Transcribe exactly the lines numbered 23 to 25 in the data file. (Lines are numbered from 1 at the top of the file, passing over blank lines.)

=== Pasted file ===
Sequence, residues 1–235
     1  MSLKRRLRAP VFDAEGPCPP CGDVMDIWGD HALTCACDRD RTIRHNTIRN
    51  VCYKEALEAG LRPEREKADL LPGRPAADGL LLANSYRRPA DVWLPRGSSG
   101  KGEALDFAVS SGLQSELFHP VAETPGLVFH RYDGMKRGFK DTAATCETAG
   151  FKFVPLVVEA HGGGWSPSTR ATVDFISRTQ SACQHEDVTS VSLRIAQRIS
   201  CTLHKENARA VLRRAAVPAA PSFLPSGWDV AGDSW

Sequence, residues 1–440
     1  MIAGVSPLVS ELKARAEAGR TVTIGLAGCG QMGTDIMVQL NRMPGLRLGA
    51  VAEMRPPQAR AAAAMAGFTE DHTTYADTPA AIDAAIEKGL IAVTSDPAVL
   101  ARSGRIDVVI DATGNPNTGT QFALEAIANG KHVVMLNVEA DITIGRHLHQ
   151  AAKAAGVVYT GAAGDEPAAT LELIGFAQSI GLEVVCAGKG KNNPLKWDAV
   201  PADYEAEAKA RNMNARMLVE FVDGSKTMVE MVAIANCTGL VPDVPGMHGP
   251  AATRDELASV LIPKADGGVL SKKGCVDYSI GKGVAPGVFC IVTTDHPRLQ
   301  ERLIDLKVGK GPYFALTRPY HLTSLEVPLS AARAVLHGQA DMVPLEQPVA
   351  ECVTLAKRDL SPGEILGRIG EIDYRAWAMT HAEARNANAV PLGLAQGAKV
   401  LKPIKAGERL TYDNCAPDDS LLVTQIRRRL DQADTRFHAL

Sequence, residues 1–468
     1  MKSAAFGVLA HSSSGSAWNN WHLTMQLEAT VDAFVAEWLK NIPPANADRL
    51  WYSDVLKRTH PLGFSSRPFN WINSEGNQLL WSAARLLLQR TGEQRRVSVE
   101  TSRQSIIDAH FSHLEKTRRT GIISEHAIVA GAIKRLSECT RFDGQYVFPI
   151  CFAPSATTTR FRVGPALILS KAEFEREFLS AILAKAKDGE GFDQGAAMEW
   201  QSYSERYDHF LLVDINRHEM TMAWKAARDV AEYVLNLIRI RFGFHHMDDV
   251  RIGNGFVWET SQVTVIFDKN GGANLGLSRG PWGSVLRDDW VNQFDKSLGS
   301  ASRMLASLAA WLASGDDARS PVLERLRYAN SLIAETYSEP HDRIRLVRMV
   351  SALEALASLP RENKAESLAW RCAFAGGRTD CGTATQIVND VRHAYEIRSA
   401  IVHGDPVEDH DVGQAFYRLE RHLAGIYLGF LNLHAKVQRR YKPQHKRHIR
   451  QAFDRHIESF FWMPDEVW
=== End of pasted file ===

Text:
   251  RIGNGFVWET SQVTVIFDKN GGANLGLSRG PWGSVLRDDW VNQFDKSLGS
   301  ASRMLASLAA WLASGDDARS PVLERLRYAN SLIAETYSEP HDRIRLVRMV
   351  SALEALASLP RENKAESLAW RCAFAGGRTD CGTATQIVND VRHAYEIRSA